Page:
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NRC Workshop Feature: Engaging Communities for Better Health

The following post was written by Kendall Reingold, summer intern for the Alliance for Children and Families Center for Engagement and Neighborhood Building.  She is an undergraduate student who has been assisting with the planning of the 2014 Neighborhood Revitalization Conference.
 
The 2014 Neighborhood Revitalization Conference is proud to present a workshop that will provide an inside look at successful strategies to engage community members in improving their own health and wellness.  Featuring speakers from two Alliance member organizations, United Neighborhood Houses of New York and the Gary Comer Youth Center, as well as Aramark, an Alliance partner, the workshop offers three unique perspectives.
 
Jerica Broeckling, Program Manager of the Aramark Building Communities program at the Alliance for Children and Families will facilitate the workshop, entitled: “Using Authentic Engagement to Improve Health Outcomes.”  The panel will include Terry Kaelber, Director of Community Engagement Projects at United Neighborhood Houses of New York; Ayoka Samuels, Senior Program Director at the Gary Comer Youth Center; and Michelle Jordan, Director of Community Relations at Aramark. 
 
The presenters are committed to the importance of authentic engagement strategies.  Mr. Kaelber explains, “Working to increase access to and use of healthy food often involves changing individual eating habits.  Social norms drive eating habits and can be the doorway to changing individual behaviors.   To impact social norms, a level of deep community engagement is needed.”  For Kaelber, this means “projects must be driven and led by local residents, who are involved at the earliest points of idea generation and planning, are invested in through skill building and training opportunities, and who become partners and leaders throughout implementation and evaluation.  Such approaches are built upon relationships and a commitment to partnering, both of which take time and tremendous effort, but the rewards and impact can be significant and long-lasting.
 
Authentic engagement is a longstanding principle of community-based organizations, although the term itself is relatively new to the lexicon.  This workshop is sure to help your organization realize its potential for positive authentic engagement outcomes.  Register for the conference online to attend this workshop, which will take place on Thursday, July 24th, the first day of the conference.
 
Early bird registration for the Neighborhood Revitalization Conference in D.C. is available online until July 7.  For the latest details about the conference and these presenters, stay tuned on Twitter.  Follow UNHNY, Aramark, the Gary Comer Youth Center, and the Alliance’s Center for Engagement and Neighborhood Building, and keep up with conference news using the hashtag #NRC14.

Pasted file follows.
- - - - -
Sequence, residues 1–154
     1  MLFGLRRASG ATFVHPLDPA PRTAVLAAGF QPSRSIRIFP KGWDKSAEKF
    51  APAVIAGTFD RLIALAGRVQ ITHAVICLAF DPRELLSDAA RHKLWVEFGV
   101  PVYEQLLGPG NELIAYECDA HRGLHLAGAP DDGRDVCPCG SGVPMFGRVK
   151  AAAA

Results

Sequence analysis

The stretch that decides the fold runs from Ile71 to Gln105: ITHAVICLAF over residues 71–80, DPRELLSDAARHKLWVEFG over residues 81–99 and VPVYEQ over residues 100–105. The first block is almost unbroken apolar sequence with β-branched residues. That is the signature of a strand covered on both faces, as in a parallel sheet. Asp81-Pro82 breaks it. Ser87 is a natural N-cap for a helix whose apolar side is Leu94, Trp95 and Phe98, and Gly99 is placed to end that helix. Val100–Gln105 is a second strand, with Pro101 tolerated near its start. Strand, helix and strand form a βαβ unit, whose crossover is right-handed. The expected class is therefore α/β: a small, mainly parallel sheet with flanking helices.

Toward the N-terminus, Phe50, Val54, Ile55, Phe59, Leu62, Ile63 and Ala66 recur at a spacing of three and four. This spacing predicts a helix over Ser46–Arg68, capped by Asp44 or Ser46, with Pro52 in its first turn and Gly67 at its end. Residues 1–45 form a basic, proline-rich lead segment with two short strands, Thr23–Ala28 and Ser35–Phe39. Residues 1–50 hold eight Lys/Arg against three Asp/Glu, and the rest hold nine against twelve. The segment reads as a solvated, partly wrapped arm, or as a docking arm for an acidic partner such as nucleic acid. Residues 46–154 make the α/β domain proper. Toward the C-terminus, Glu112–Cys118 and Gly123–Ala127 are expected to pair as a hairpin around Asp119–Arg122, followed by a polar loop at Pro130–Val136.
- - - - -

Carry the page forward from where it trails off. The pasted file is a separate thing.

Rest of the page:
NRC Workshop Feature: Leveraging High Impact Change

The following post was written by Kendall Reingold, summer intern for the Alliance for Children and Families Center for Engagement and Neighborhood Building.  She is an undergraduate student who has been assisting with the planning of the 2014 Neighborhood Revitalization Conference.
 
Here at the Alliance, we value organizations that achieve a high level of impact, by which we mean the creation of lasting positive change in their communities.  ANDRUS, an Alliance member organization, exemplifies high impact in its Adverse Childhood Experiences Public Awareness Campaign.  The campaign works to raise awareness and implement policies of trauma informed care.  Trauma informed care is a shift in the traditional way caregivers approach behavioral issues.  Kerron Norman, Vice President for Community Based Programs at ANDRUS, told Behavioral Healthcare, “We have to stop asking what’s ‘wrong’ with people…You look at a child who’s acting out in school, and the automatic response based on our cultural understanding would be, ‘What’s wrong with that child?’”  Instead, we ought to ask, “What has happened to that child?”
 
The campaign, with the goal of educating as many individuals as possible who touch the lives of children in the City of Yonkers, caught on rapidly.  ANDRUS has trained over two thousand community members, including parents, community leaders, school principals, clergy, city council members, and the mayor, and has now begun working closely with multiple schools throughout the City of Yonkers.  
 
The community recognizes the quality of ANDRUS’ work: Westchester Magazine calls them “a leading provider of child and family resources.” Their success has come from a combination of leveraging different public and private funding streams; collaborative efforts; and thinking differently about our own services, to help create local systemic change.
 
Lorelei A. Vargas, Kerron Norman, and Mimi Corcoran of ANDRUS will present their story at the 2014 Neighborhood Revitalization Conference on July 25th, the second day of the conference.  The workshop, “Leveraging research and resources for systemic change,” is a panel discussion that will cover 1) how current research is made accessible and shared with various stakeholders; 2) the process by which various stakeholders are engaged; 3) how public and private funding streams are directed towards this effort; 4) the various entry points to address and create systemic change; and 5) lessons learned in the process.
 
Early bird registration for the Neighborhood Revitalization Conference in D.C. is available online until June 24.  For the latest details about the conference and these presenters, stay tuned on Twitter.  Follow ANDRUS and the Alliance’s Center for Engagement and Neighborhood Building, and keep up with conference news using the hashtag #NRC14.

NRC Workshop Feature: Data and Community Engagement

The following post was written by Kendall Reingold, summer intern for the Alliance for Children and Families Center for Engagement and Neighborhood Building.  She is an undergraduate student who has been assisting with the planning of the 2014 Neighborhood Revitalization Conference.
 
In this digital age of transparency, the openness of data matters. Especially in issues that concern communities. To effect individual and neighborhood-level change in American communities, today’s top non-profits are putting data in the hands of community members themselves.